The mandate to end war in Ukraine is written clearly and decisively in our founding document, the Constitution of the United States. Article IV, Section 4 requires that “The United States…shall protect each of them [the states and the people] against invasion.”
Fomenting war in Ukraine runs counter to that mandated obligation. In fact, fomenting war in Ukraine can bring about destruction in the United States from large numbers of nuclear missile strikes emanating from Russia.
Russia has huge stocks of nuclear weapons and long range missiles. In addition, Russians believe that the United States and the West pose an existential threat to their existence.
They vividly remember that World Wars I and II resulted in massive attacks on their territory by the western nations. Indeed, a dozen countries, led by the United States after World War I, fought on the Tsarist side in a bloody five-year civil war.
Later, the Unites States cruelly lured the Soviets into a lengthy war in Afghanistan. And after the Soviet Union disbanded itself in 1991, the United States, contrary to promises made, ringed Russia with nations that were given membership in a collective security alliance known as the North Atlantic Treaty Organization, (NATO). Several members of NATO have nuclear weapons themselves, and membership requires all members to defend any member who is attacked.
At present, the United States is encouraging and funding Ukraine in its war with Russia. A key demand being made by Ukraine is membership in NATO. Russia has clearly stated that giving Ukraine NATO membership will be a threat to its existence. Doing so, says the Russian leadership, will be the final step in the complete surrounding of its nation by a military alliance with obligations to protect fellow members using nuclear weapons should they choose.
In fact, before the Ukraine War, Russia posed no threat whatsoever to the United States. None. Only now, with that nation feeling pressed and pressured and understanding the West’s long proclivity for attacking it, has Russia become a threat. That threat exists only as a result of and in reaction to the steps now being taken on behalf of Ukraine in Ukraine’s war with Russia.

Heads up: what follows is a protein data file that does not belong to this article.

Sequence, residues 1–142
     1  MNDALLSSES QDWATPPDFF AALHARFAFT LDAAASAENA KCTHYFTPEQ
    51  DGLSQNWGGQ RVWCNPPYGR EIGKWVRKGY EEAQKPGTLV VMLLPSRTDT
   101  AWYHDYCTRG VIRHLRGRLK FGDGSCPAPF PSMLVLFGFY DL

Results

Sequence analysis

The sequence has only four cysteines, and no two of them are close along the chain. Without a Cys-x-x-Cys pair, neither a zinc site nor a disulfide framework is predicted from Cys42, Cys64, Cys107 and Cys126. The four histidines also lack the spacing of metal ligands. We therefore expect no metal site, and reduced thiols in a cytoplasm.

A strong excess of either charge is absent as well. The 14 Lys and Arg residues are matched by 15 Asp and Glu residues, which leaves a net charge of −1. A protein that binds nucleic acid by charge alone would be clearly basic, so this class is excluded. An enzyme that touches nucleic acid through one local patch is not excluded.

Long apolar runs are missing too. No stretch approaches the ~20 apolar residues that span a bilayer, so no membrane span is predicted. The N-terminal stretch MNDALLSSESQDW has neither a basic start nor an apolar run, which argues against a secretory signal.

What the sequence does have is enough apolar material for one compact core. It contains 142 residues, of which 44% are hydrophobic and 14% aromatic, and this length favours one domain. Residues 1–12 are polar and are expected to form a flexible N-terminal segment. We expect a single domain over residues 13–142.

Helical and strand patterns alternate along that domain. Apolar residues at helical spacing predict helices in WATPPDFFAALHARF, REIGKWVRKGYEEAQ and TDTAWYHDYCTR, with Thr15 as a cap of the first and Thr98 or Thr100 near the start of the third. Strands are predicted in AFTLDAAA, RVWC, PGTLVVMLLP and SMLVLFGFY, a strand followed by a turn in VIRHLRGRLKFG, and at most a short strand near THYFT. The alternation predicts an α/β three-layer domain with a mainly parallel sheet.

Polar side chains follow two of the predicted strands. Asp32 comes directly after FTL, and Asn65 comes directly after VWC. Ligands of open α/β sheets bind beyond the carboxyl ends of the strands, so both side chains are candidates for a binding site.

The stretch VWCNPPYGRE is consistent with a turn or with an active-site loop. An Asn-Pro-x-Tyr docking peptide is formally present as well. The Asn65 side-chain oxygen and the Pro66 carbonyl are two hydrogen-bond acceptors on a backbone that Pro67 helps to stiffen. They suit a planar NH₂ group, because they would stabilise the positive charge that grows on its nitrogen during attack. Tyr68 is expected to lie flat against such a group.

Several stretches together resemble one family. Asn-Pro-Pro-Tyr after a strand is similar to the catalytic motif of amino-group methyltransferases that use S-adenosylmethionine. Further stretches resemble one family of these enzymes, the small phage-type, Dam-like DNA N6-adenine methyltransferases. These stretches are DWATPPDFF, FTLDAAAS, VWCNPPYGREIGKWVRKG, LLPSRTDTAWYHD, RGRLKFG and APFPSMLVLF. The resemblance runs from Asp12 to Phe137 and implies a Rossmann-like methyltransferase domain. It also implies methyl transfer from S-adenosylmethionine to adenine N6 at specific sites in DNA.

For that reason, the steps that American leaders have taken and are now taking in Ukraine are contrary to their mandatory Constitutional obligation, as set forth in Article IV, Section 4 to protect us from a potential invasion.
Under these circumstances, what would a Russian invasion of the United States look like? With history as a guide, we must assume that they have hundreds of nuclear bombs on hundreds of long range ballistic missiles that are already aimed at the large American centers of population, from New York City to Los Angeles and from Seattle to Houston. Those missiles would likely be launched en masse immediately after the very first strike against any Russian territory from any NATO country.
The resulting devastation within the United States can only be glimpsed by picturing the bombing of Hiroshima and Nagasaki. But that destruction would be intensified many times over because the weapons used against us by Russia will be hydrogen bombs, not just those first nuclear bombs used against the two Japanese cities at the end of World War II in August of 1945.